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Teen talks held in Williams

Movie and discussion focus on the topic of autism

September 16, 2013
Teresa Wood (editor@freemanjournal.net) , The Daily Freeman Journal

WILLIAMS - PowerUp YOUth introduced middle school students from Williams to autism with the screening of the movie "Extremely Loud & Incredibly Close" last Thursday at the Williams Public Library as a part of Recovery Awareness Month.

The movie was the first in a series of events scheduled in Hamilton County which are designed to inform the public of mental health and substance abuse issues during September, said PowerUp YOUth director, Kathy Getting.

Starring Tom Hanks and Sandra Bullock, the movie featured Thomas Horn as Oskar, a middle school student who lives in New York and has Asperger's Syndrome.

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After viewing the movie, 'Extremely Loud & Incredibly Close,” Williams Public Library librarian Diane Sinclair leads a discussion on autism with middle school students Daniele Moon, Joridin Pigsly and Adalie Schwandt. Six students watched the movie and then shared pizza while discussing the topic. The event was the first of several scheduled throughout Hamilton County to bring awareness to mental health and substance abuse issues during September which is Recovery Awareness Month.

Asperger's Syndrome is a milder developmental disorder on the autism spectrum which involves delays in the development of many basic skills such as socialization and communication skills and affects the ability to use imagination.

After Oskar's father (Tom Hanks), is killed on Sept. 11, 2001 when he was attending a meeting in one of the Twin Towers of the World Trade Center, Oskar is obsessed with the idea that his father left him a message somewhere in the metropolis. He spends the next several months tracking down all the people in the New York City phone book who may hold the clue to this mystery.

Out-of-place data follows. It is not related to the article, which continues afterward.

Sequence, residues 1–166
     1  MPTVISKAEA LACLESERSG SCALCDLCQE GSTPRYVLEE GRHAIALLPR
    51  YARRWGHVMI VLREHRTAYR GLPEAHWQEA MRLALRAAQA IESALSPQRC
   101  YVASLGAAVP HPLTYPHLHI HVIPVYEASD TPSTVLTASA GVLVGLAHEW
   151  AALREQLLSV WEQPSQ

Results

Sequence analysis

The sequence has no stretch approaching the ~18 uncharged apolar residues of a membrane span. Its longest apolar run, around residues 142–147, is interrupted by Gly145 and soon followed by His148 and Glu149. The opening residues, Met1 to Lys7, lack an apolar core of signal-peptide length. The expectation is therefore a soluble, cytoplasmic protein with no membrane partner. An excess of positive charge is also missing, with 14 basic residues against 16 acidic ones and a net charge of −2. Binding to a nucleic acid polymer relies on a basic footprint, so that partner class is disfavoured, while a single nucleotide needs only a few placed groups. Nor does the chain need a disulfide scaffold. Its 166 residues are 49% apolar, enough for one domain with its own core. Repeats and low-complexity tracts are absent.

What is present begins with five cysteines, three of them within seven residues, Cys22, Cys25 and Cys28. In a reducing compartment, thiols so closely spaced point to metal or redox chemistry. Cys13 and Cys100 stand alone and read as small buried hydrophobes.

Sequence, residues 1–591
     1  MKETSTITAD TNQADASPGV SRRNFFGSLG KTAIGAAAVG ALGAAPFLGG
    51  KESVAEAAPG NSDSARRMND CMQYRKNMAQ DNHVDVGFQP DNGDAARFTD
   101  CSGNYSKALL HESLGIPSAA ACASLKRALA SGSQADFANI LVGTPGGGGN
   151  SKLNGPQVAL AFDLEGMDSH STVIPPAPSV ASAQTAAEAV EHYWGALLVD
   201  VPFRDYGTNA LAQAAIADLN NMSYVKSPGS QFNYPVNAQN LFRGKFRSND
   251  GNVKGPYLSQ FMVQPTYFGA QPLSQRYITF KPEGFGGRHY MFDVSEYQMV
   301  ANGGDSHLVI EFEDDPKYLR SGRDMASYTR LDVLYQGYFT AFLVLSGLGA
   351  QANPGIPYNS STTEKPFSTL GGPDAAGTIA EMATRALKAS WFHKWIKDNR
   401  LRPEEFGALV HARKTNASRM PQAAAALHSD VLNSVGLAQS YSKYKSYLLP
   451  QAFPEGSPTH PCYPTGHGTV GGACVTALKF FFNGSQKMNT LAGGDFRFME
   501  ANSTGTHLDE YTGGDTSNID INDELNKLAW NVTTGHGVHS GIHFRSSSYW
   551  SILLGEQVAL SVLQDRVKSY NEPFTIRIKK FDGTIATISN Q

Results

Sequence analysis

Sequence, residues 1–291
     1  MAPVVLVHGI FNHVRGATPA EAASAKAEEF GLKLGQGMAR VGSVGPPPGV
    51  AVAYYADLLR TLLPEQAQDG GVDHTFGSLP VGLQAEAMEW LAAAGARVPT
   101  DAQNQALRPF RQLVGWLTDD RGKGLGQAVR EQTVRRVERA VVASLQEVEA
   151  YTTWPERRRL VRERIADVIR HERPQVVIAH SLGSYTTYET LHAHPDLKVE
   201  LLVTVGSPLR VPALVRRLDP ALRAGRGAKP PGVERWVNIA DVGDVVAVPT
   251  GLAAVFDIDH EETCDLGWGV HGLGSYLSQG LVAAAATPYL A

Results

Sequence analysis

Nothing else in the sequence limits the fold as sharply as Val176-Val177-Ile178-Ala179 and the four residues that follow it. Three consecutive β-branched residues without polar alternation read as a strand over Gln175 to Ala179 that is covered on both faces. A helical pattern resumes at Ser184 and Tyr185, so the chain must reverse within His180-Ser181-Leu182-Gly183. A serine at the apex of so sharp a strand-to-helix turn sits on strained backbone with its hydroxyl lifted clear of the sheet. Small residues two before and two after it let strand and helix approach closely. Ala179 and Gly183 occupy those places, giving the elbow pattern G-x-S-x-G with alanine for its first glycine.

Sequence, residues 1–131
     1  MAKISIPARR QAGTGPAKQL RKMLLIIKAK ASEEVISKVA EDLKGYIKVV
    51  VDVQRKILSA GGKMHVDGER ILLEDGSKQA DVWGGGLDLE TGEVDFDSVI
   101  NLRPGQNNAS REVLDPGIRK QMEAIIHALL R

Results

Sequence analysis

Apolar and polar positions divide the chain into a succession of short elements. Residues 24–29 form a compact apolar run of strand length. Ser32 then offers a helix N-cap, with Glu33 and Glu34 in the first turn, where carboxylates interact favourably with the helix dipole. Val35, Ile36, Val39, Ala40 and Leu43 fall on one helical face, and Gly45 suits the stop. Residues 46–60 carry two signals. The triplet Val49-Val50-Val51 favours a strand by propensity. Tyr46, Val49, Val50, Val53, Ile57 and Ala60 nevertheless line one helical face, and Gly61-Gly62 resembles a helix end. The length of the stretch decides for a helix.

Williams Public Library Head Librarian Diane Sinclair lead the discussion over pizza and pop with the students.

Students recognized Oskar's difficulty in relating to people and how that made it harder to solve his mystery.

"It did make it more difficult for him," said Joridin Pigsly. "He had a hard time talking to people."

Oskar's survivor's guilt also caused him to display dangerous behaviors.

"He was trying to punish himself by pinching himself," said Daniele Moon.

While the students identified behaviors that they were not familiar with, they were alarmed by a child who would travel around a large city without an adult and repeatingly talk to people he didn't know. "He was always talking to strangers," said Adalie Schwandt, who felt that was a dangerous practice.

The second in the Recovery Awareness Month series will take place on Tuesday at 6 p.m. at the Kendall Young Library in Webster City when adults view the movie, "Silver Linings Playbook".

Additional events will take place in Jewell, Ellsworth and Stratford, said Kathy Getting, director of PowerUp YOUth.

 
 

 

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